Generosity. “When we practice generosity of spirit, we are in many ways practicing all the other pillars of joy. In generosity, there is a wider perspective, in which we see our connection to all others. There is a humility that recognizes our place in the world and acknowledges that at another time we could be the one in need, whether that need is material, emotional, or spiritual. There is a sense of humor and an ability to laugh at ourselves so that we do not take ourselves too seriously. There is an acceptance of life, in which we do not force life to be other than what it is. There is a forgiveness of others and a release of what might otherwise have been. There is a gratitude for all that we have been given. Finally, we see others with a deep compassion and a desire to help those who are in need. And from this comes a generosity that is ‘wise selfish’, a generosity that recognizes helping others as helping ourselves. As the Dalai Lama put it, ‘In fact, taking care of others, helping others, ultimately is the way to discover your own joy and to have a happy life.’”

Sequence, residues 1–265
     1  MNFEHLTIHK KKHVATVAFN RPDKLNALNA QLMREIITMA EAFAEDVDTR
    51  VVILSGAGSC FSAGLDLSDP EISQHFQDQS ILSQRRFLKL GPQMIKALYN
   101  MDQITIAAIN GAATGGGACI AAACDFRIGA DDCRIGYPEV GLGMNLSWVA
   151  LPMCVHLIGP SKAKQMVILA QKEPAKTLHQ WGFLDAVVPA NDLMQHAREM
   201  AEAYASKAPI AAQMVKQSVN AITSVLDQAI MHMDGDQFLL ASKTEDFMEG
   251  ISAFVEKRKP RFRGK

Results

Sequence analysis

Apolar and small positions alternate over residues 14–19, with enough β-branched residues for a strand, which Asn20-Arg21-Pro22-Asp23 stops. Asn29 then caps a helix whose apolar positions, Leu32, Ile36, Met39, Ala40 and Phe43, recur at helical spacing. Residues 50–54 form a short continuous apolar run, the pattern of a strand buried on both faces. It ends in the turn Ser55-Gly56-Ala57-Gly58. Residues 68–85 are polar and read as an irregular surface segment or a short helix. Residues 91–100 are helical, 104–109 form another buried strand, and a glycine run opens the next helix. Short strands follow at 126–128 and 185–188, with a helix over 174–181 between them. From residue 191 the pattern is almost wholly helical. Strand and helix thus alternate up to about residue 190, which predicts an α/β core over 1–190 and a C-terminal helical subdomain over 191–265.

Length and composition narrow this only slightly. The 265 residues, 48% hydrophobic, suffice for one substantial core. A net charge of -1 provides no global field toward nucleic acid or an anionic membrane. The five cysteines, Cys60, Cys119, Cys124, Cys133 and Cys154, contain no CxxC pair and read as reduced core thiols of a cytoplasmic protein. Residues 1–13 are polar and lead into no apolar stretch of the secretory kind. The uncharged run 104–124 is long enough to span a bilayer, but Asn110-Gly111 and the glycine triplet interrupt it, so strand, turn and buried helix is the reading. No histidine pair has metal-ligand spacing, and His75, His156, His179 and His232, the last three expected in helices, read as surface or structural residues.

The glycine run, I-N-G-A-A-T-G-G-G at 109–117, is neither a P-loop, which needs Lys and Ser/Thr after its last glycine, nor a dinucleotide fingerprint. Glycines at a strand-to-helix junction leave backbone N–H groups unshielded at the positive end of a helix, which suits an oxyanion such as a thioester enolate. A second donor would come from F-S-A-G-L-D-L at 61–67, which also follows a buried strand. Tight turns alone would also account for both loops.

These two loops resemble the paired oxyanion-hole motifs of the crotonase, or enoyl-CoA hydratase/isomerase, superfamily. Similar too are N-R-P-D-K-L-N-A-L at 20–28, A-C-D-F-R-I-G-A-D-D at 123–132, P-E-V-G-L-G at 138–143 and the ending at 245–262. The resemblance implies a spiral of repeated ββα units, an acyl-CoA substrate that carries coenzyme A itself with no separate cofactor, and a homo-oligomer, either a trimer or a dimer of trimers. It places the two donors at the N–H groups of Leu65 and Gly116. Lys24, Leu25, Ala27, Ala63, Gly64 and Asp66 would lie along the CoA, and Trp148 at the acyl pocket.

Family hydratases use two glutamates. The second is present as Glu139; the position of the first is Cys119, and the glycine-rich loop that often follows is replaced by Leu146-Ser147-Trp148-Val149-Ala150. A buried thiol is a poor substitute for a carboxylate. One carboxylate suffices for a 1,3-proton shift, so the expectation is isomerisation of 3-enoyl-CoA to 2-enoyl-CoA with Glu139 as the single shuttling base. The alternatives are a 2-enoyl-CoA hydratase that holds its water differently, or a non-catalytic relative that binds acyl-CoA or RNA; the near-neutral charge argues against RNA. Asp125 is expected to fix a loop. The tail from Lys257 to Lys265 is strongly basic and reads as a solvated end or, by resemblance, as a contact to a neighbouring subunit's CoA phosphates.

“The goal is not just to create joy for ourselves but, as the Archbishop poetically phrased it, ‘to be a reservoir of joy, an oasis of peace, a pool of serenity that can ripple out to all those around you.’ … Joy is in fact quite contagious.

Dalai Lama XIV, Bstan-ʼdzin-rgya-mtsho, Desmond Tutu, and Douglas Abrams. The Book of Joy: Lasting Happiness in a Changing World. New York: Avery, 2016. Buy from

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Related Reading:

The Art of Happiness by the Dalai Lama and Howard Cutler (2009)

The Book of Forgiving: The Fourfold Path for Healing Ourselves and Our World by Desmond Tutu and Mpho Tutu  (2015)

A Fearless Heart: How the Courage to Be Compassionate Can Transform Our Lives by Thupten Jinpa (2016)